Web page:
New Zealand slips into its second recession in 18 months as economy contracts

FILE - Shipping containers are moved at the Port of Lyttelton near Christchurch, New Zealand, on Sept. 17, 2020. New Zealand has entered its second recession in 18 months after the latest round of GDP figures confirmed its economy contracted in the last quarter of 2023. The country's economy shrank by 0.1% in the quarter to December, and 0.7% in per capita terms, the New Zealand's official statistics agency, Stats NZ, announced on Thursday, March 21, 2024. (AP Photo/Mark Baker, File)

FILE – Shipping containers are moved at the Port of Lyttelton near Christchurch, New Zealand, on Sept. 17, 2020. New Zealand has entered its second recession in 18 months after the latest round of GDP figures confirmed its economy contracted in the last quarter of 2023. The country’s economy shrank by 0.1% in the quarter to December, and 0.7% in per capita terms, the New Zealand’s official statistics agency, Stats NZ, announced on Thursday, March 21, 2024. (AP Photo/Mark Baker, File)

WELLINGTON, New Zealand (AP) — New Zealand has entered its second recession in 18 months after the latest round of GDP figures confirmed its economy contracted in the last quarter of 2023.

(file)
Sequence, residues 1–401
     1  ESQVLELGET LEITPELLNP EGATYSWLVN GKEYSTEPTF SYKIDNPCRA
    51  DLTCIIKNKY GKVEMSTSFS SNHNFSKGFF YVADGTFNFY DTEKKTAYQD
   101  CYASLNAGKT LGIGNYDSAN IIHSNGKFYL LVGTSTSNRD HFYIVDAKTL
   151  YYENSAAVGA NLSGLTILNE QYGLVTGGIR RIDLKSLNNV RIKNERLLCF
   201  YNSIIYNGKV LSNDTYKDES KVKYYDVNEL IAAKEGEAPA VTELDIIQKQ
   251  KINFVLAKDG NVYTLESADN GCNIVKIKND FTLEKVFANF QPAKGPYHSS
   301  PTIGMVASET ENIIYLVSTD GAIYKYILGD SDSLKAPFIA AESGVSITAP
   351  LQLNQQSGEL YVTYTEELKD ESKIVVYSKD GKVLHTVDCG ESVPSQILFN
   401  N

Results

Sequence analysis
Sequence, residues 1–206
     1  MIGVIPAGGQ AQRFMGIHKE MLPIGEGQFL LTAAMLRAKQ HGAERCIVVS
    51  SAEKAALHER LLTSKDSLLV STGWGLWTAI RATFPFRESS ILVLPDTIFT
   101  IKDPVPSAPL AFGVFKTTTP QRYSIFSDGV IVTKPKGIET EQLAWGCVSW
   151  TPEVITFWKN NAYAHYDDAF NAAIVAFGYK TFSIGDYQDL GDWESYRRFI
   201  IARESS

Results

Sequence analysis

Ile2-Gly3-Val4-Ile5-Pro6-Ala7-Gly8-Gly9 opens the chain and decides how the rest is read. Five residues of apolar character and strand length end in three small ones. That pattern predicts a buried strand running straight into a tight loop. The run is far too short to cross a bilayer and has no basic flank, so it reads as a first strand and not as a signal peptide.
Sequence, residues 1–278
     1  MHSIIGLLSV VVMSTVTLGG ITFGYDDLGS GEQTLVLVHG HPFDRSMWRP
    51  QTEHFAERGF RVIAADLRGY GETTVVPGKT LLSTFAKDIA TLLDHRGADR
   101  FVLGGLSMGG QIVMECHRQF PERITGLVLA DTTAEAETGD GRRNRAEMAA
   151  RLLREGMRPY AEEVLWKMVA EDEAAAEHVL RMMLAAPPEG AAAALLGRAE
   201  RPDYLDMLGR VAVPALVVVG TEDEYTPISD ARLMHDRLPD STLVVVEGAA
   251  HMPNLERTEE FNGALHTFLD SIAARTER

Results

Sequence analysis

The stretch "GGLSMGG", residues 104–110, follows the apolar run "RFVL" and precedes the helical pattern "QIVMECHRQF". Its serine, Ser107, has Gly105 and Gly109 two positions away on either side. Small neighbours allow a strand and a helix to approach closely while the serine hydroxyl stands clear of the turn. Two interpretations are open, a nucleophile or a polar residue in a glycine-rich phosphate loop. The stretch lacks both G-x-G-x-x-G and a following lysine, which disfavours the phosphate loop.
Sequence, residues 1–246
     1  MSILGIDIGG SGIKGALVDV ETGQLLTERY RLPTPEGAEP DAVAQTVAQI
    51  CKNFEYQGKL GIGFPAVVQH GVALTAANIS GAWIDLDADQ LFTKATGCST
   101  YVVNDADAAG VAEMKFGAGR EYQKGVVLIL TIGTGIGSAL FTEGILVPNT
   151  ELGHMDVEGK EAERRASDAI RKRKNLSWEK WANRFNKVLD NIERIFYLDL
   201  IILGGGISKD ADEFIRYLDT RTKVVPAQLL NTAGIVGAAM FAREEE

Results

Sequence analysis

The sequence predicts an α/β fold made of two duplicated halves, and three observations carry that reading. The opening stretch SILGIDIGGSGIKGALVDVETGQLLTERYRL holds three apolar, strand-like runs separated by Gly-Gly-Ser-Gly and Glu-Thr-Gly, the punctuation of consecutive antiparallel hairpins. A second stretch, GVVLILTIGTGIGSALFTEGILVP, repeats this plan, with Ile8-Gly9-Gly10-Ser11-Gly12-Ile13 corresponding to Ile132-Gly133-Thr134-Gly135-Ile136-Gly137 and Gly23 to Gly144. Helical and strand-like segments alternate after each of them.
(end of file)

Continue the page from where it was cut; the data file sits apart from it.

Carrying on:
The country’s economy shrank by 0.1% in the quarter to December, and 0.7% in per capita terms, the New Zealand’s official statistics agency, Stats NZ, announced on Thursday.

The latest slip follows a 0.3% contraction in the September quarter, which fulfils the technical definition of a recession. It is New Zealand’s second recession event in the past 18 months.

Stats NZ said the country New Zealand had returned negative GDP figures in four of the last five quarters, and had a stagnant annual growth rate of just 0.6%.

The slump was largely expected with New Zealand’s central bank forecasting a flat figure, while bank economists suggested a range of results between a narrow contraction and fractional growth.

The data made for worse reading in a per capita context with the last five quarters all retreating by an average of 0.8%.

Helping to prop up the south Pacific island nation’s economy has been a record migration intake, which hit a record peak of 141,000 new arrivals in 2023.

Without that population growth stimulating an otherwise stagnant economy, New Zealand’s economic position would be slipping at an even faster rate.

Regulation Minister David Seymour said the current economic conditions would lead to cuts in the country’s forthcoming budget, including cutting the number of government workers.

“We’re in a slump, but that won’t be news to you, because you’ve already been living in it,” Seymour said.

AP Business

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